Delhi High Court on Monday dismissed a PIL seeking to prohibit the practice of putting up images of deities on walls to prevent people from urinating, spitting or littering in public places.
A bench of Chief Justice Satish Chandra Sharma and Justice Subramonium Prasad, which had earlier reserved its order on the plea, rejected it.
The petition said the common practice of affixing photographs of deities on walls to prevent urination, spitting and throwing garbage in public places had created a serious menace in society as these pictures did not guarantee the prevention of such acts.
Instead, people publicly urinate or spit on the “sacred images”, the petition said.
“This seriously denigrates and disparages the sanctity of the sacred images… Fear is used as an element to stop people from urinating or spitting and littering. These things cannot be permitted over the element of pure devotion borne out of faith and freedom to practise and profess one’s religion,” petitioner and advocate Gorang Gupta said.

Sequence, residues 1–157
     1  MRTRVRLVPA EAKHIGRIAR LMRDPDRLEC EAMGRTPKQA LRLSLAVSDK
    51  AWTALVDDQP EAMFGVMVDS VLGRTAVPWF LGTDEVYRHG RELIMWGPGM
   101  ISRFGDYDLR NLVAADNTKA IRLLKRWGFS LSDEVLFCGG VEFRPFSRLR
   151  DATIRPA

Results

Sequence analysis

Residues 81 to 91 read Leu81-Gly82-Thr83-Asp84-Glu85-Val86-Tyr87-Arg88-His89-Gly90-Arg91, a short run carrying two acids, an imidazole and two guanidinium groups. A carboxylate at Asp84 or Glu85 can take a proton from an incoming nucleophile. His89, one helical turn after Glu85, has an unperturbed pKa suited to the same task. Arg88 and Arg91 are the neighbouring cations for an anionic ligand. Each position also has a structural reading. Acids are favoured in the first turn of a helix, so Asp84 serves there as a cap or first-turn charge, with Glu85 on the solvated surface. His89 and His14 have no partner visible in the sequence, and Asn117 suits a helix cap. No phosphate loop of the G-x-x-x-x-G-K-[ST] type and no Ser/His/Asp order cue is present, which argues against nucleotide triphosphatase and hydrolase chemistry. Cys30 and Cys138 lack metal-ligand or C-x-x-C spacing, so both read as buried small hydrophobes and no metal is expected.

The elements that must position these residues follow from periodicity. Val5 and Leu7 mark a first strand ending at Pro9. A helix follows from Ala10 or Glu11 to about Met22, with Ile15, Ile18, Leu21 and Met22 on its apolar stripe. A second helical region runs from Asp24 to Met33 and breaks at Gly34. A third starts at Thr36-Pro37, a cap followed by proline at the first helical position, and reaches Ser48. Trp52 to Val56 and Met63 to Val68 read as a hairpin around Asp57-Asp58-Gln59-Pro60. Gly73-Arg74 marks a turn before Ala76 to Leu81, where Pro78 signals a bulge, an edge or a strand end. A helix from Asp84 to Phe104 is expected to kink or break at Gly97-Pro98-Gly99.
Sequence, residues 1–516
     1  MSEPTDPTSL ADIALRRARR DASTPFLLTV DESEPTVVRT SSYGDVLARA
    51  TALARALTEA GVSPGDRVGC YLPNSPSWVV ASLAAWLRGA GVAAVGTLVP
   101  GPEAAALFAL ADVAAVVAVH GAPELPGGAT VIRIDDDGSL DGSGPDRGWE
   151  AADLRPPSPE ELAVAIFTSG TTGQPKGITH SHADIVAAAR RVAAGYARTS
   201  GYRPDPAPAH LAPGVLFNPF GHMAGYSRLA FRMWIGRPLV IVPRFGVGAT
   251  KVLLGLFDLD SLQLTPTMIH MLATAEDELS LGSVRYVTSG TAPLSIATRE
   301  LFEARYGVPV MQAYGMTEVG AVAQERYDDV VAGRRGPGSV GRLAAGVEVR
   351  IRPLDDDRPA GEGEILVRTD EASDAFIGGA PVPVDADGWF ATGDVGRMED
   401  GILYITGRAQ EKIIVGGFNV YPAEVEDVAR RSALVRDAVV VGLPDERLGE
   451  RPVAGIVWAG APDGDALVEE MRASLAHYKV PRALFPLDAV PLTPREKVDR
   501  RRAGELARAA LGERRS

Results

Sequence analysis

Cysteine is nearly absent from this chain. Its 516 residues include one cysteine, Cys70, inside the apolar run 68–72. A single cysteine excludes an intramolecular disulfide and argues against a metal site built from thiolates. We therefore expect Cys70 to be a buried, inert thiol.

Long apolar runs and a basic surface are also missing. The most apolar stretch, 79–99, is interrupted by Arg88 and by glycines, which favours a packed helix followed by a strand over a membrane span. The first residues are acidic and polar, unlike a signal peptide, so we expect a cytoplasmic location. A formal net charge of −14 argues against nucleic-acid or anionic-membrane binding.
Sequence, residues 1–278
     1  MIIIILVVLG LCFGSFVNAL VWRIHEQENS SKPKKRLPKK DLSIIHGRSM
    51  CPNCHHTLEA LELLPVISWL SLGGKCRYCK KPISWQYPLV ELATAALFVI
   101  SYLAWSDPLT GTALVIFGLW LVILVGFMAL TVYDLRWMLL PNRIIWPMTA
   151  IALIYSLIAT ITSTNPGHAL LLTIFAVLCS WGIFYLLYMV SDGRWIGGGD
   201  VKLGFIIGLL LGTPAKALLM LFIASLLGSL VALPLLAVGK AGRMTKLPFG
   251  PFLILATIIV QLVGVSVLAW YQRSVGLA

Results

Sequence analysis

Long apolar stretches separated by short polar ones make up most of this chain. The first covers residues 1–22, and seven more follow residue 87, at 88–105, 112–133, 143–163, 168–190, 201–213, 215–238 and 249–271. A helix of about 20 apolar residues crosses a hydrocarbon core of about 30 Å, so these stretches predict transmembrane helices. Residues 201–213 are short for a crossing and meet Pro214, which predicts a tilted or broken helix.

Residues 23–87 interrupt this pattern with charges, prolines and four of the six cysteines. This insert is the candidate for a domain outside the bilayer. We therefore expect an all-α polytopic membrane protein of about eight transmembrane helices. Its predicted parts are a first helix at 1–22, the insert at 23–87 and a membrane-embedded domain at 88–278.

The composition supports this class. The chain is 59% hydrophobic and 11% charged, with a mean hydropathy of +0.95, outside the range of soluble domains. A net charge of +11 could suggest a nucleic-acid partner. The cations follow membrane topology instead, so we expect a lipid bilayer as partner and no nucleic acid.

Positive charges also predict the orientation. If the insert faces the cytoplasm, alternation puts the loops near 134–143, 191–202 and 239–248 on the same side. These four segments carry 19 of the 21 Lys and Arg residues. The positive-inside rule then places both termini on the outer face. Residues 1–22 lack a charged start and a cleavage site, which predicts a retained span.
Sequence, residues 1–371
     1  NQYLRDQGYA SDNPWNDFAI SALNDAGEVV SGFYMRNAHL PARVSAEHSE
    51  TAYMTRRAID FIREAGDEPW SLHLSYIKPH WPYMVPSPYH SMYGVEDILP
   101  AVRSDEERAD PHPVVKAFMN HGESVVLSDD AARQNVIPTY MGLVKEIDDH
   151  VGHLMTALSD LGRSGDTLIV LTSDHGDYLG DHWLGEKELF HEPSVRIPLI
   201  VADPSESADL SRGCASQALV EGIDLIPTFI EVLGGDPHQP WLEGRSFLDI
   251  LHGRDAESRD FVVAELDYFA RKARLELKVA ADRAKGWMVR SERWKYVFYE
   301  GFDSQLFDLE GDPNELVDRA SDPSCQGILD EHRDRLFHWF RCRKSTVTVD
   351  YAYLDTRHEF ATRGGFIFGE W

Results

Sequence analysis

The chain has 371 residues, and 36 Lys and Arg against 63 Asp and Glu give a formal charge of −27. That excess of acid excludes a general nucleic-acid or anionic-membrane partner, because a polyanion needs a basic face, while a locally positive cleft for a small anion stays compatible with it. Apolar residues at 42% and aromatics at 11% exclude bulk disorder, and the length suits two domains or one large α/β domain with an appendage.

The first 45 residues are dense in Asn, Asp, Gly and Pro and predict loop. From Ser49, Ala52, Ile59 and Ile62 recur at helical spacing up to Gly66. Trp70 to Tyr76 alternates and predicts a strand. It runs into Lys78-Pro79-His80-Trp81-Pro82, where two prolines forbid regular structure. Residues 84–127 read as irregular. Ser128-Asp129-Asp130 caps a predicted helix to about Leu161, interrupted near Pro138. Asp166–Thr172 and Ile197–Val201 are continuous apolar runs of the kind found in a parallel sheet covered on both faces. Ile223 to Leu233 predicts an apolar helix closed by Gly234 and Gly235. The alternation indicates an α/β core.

The plea said affixation of sacred images of deities on walls to prevent urination in public and spitting and throwing junk violated sections 295 (injuring or defiling place of worship with intent to insult the religion of any class) and 295A (deliberate and malicious acts intended to outrage religious feelings of any class by insulting its religion or religious beliefs) of the Indian Penal Code as it hurt the religious sentiments of the general public.
The plea said the high court, in an earlier case, had acknowledged the menace of open public urination and, in its order, noted that religious sentiments of people were getting hurt due to the practice of affixing photographs of deities on walls.
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